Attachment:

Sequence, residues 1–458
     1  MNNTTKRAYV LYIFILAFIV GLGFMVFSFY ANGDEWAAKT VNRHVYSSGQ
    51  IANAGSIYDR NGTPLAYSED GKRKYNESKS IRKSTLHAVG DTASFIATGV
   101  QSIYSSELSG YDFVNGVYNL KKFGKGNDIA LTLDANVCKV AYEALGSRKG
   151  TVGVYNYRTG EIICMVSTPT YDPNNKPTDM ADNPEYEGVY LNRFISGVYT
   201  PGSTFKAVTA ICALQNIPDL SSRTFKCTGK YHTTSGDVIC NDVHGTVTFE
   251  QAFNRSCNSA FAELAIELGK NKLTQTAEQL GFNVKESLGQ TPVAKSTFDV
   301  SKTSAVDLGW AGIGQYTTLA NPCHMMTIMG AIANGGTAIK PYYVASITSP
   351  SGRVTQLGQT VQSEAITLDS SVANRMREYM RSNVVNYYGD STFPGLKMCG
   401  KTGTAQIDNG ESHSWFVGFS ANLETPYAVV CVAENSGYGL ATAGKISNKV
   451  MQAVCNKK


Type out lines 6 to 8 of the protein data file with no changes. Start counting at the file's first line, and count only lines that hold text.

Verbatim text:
   201  PGSTFKAVTA ICALQNIPDL SSRTFKCTGK YHTTSGDVIC NDVHGTVTFE
   251  QAFNRSCNSA FAELAIELGK NKLTQTAEQL GFNVKESLGQ TPVAKSTFDV
   301  SKTSAVDLGW AGIGQYTTLA NPCHMMTIMG AIANGGTAIK PYYVASITSP